Marketers’ strengths tend to include knowledge of their customer base and the ability to identify opportunities in the market space. But going from opportunity identification to solid marching orders in a roadmap plan can be tricky and time consuming.
So how can your product development team help speed things along? First of all, including your product development counterparts in user research activities is an incredibly valuable practice. A key benefit you get out of working with your product development team in this way is that they are able to gain empathy first hand for the problems that need to be solved. They are also likely to identify other opportunities that have not been previously considered. Your team is then able to quickly conceptualize and identify realistic solutions and put together some level of a development plan that can be used to inform a roadmap.
Giving your product development team insight into the market opportunities you see enables the development team take ownership of the results that come out of the research. You will also get access to their tools and processes, which can accelerate decision-making. This can include mock-ups, images, story-boards, etc. These items are highly complementary to the market analysis data marketing leaders produce. Together you and your product development team will be able help your counterparts in finance, operations, and others gain alignment and buy-in to a plan.
Marketing leaders are typically tasked with growth strategies in one of two ways:
1.) Expanding in current markets
2.) Entering adjacent markets
Again, similar to the points made about the benefits of accelerated product roadmapping, when engineers and designers are given the opportunity to observe as you engage with the people in your markets to learn about their needs, they bring back empathy for the folks they are aiming to solve problems for. They also bring ideas for how to solve them. These ideas, which are rooted in a deep understanding of what a “day in the life” of your target market looks like, combined with engineers’ and designers’ technological knowledge meld together to materialize strategies for expansion.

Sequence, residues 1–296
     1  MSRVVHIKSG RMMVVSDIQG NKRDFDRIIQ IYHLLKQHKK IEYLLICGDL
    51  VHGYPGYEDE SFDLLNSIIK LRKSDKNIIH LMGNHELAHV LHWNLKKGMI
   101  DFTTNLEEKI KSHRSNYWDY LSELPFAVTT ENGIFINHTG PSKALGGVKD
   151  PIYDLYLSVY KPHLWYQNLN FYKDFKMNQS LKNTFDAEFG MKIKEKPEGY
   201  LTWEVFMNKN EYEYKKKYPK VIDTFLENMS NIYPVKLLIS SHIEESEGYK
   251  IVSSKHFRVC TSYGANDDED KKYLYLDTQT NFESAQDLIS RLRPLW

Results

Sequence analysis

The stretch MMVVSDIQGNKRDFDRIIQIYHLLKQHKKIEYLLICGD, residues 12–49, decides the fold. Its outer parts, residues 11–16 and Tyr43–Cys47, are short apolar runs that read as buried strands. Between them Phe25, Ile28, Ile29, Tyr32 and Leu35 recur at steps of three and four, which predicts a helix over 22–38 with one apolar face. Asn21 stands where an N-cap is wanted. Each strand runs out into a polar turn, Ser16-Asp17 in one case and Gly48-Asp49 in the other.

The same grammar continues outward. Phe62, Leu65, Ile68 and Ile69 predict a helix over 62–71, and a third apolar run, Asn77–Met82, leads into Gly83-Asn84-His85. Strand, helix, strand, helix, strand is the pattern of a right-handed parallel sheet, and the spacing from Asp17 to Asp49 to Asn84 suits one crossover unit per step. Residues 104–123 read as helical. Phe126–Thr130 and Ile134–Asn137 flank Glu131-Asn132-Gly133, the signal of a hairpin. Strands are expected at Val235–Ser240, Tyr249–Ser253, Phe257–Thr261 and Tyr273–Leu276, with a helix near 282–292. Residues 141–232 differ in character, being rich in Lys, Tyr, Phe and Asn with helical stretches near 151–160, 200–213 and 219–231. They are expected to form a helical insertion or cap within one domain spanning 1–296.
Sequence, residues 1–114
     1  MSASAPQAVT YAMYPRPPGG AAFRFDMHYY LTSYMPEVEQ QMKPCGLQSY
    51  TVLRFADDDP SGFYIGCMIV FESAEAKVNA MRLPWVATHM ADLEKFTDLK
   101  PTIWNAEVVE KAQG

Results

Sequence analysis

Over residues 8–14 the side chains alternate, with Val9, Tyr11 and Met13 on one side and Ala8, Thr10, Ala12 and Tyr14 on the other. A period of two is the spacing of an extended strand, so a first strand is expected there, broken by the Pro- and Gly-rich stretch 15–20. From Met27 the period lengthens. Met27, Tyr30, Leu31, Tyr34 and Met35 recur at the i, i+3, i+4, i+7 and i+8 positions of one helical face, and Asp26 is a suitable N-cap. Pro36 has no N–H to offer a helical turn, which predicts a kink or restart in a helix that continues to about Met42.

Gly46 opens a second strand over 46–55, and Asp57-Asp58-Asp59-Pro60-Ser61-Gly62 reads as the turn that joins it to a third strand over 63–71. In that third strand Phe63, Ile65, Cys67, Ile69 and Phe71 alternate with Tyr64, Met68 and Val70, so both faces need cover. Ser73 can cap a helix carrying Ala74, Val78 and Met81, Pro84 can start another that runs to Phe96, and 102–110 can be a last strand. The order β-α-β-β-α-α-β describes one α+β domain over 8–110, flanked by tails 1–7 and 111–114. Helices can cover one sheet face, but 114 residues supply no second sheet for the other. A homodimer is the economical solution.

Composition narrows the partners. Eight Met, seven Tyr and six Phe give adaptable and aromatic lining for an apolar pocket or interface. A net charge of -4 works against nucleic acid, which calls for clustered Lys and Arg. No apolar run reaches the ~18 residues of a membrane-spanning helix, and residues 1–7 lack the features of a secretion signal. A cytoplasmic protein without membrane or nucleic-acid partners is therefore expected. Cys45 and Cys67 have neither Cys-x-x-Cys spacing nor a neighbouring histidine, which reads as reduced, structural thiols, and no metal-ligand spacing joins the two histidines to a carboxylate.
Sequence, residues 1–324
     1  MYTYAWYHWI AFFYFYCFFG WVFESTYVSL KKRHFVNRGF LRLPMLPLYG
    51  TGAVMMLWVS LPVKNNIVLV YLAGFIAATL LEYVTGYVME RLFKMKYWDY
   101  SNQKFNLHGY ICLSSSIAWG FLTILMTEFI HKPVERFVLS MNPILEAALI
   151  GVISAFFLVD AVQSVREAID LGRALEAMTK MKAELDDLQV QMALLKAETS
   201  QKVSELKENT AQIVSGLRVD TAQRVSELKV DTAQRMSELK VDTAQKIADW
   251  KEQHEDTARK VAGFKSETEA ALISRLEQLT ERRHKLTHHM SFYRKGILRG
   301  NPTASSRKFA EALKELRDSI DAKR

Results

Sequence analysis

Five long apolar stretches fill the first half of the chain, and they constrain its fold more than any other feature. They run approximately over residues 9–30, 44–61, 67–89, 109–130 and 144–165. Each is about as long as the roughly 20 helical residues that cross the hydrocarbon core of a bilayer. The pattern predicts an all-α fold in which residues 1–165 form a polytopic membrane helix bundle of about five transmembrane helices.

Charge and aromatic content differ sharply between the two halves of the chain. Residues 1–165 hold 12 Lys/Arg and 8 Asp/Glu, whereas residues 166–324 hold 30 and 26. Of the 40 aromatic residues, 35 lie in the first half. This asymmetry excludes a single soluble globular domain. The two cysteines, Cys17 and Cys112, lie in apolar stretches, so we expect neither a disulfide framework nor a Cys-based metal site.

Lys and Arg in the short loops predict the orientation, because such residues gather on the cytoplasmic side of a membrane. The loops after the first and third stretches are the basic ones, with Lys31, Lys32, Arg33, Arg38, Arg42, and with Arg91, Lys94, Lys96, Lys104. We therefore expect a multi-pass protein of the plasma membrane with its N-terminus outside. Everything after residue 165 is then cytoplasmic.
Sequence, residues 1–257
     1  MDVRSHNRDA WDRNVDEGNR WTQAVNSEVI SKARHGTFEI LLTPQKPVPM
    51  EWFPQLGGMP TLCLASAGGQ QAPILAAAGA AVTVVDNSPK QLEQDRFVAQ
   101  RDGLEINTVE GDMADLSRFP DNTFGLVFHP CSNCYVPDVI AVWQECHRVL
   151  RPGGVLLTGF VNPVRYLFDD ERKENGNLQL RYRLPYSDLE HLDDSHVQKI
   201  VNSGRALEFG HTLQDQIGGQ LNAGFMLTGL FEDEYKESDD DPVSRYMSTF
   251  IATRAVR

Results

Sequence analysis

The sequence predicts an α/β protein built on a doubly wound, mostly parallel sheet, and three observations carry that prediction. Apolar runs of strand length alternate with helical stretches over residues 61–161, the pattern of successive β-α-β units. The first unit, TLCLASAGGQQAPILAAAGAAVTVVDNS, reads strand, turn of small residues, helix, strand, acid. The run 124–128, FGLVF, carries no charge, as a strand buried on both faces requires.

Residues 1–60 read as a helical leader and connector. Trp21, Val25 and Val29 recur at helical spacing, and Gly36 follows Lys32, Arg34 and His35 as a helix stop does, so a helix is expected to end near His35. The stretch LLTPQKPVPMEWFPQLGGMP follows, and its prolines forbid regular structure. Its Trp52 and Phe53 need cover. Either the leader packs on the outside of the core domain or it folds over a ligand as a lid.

Let’s say, for example, your company offers a slew of devices that support a specific surgical procedure. Let your product development team observe these procedures that utilize your current products, your competitors’ products, etc. Through observations and field studies, your team will likely notice patterns and areas of opportunity where steps can be simplified and risk reduced. Your product development team will typically recommend additional tools and technologies, a slightly altered workflow, or even consolidation of tools to address issues within the current system. These ideas might offer low-hanging fruit when it comes to revenue-generating products in the short run. On the other hand, there might be a great opportunity to re-think the way things are done, and your design team should have the opportunity to take the shackles off and explore a bit.
When it comes to entering into other markets, whether it be geographical or otherwise, your product development team can provide specific recommendations on what to do here too. The goal is to figure out the appropriate, minimal tweaks that need to happen with your current offering to make it successful in this new space. If cost needs to be stripped out of your product to make it in the new market, your team can recommend ways of doing that. If functionality needs to be tweaked, your team can help figure that out. If your product simply needs to be bundled and kitted in a different way for a particular channel, again your product development team can quickly bring solutions to the table.
It’s one thing to tell your customers what your brand represents… It is another thing for your customers to say it for you.
Up until a few short years ago, companies and brands held the keys to the kingdom when it came to advertising, marketing, and creating a one-way narrative around their brand. As long as you managed to stay out of the bowels of negative PR, a la the Tylenol murders in the 1980s, companies had complete control over their image. Now, thanks to rise of social media and proliferation of online information in general, B2C and B2B companies have to deal with a two-way narrative that is seriously difficult to control. It doesn’t matter how much money you spend on advertising. If the design and development of your products aren’t done in a thoughtful way or if your customer service sucks, the world is going to hear about it.